Saturday, December 23, 2017

What's in a Word: One Good Turn Deserves Another--Or Not

As a writing mentor, beta reader to the masses, and editor, I often see a word that gets my attention for being overused, and as I've learned from my own personal experience, many writers have no idea that an innocent, insignificant word insinuates it's way into stories--again, and again, and again, to the point where readers might count the occurrences.

Many words are guilty, but the one I'll focus on today is "turn."

He turned. She turned. Turning his head... etc.

What's wrong with "turn"? you ask.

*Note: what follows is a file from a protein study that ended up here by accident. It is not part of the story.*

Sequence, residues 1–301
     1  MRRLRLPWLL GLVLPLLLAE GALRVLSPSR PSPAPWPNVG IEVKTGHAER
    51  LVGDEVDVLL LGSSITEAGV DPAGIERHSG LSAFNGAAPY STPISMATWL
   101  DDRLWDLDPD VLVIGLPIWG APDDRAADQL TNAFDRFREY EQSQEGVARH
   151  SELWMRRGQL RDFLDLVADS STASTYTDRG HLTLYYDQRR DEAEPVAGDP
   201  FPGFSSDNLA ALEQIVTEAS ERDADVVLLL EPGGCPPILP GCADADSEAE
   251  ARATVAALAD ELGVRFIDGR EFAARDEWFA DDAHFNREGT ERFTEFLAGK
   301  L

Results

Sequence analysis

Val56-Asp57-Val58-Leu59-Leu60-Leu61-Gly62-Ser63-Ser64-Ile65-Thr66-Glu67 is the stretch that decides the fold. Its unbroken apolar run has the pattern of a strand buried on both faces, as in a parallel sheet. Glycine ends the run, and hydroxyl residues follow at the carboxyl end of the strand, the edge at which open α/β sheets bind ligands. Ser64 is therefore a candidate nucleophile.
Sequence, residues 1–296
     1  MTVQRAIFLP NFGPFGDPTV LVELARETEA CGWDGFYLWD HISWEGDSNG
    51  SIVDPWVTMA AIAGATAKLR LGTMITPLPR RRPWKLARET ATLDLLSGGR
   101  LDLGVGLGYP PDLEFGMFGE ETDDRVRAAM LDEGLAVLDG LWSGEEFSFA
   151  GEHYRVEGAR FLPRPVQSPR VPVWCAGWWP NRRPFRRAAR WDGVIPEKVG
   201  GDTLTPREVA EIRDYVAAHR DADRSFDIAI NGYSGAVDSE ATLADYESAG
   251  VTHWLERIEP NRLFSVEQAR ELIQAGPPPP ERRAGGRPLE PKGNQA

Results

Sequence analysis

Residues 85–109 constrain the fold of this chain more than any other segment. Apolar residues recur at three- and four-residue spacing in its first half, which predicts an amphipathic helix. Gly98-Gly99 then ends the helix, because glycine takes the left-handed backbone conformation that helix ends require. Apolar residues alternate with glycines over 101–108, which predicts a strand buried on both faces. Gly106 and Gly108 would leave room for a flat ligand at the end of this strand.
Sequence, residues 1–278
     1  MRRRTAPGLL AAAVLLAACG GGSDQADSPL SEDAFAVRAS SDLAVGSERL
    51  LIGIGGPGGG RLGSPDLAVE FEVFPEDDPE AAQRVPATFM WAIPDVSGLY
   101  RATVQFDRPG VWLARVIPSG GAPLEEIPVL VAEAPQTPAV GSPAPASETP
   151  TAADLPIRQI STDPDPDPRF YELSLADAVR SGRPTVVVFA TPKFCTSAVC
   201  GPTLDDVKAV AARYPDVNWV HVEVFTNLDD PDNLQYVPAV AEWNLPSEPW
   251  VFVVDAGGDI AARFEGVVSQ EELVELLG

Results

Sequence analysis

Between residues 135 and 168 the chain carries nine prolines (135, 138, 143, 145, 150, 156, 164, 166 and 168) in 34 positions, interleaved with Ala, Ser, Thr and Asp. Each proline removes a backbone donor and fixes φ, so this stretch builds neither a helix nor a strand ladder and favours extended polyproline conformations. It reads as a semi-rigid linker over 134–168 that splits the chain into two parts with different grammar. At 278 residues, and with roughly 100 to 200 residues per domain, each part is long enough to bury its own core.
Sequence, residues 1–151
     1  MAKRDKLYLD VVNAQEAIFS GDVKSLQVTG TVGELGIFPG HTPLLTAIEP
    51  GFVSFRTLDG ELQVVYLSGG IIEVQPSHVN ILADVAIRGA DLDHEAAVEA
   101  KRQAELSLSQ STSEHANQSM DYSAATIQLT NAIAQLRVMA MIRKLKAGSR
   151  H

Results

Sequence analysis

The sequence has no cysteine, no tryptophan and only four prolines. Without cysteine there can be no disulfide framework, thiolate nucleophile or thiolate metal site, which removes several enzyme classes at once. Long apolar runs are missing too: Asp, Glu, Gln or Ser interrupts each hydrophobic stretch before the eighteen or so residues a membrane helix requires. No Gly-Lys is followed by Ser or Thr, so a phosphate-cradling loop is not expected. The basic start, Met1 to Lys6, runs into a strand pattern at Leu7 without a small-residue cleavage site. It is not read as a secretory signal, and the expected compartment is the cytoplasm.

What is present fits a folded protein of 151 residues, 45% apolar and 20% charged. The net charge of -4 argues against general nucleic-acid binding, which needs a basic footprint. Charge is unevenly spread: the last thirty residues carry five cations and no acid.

Lots. Mainly because, in most cases, it imparts no crucial information and is unneeded.

For example, many times I've read a scene in which two characters are talking, facing each other, then one "turns" to the other. Or, the author is unclear as to the characters' positions, so "turn" isn't needed because we had no idea they weren't already facing.

And worst case scenario, the characters "turn" in one sentence and "turns back" in the next. (Unless they're a werewolf, one or both is probably not needed.)

So be careful when writing, and if you absolutely must use "turn" in the book, be sure to look up synonyms or find other word choices to avoid repetition.

1 comment:

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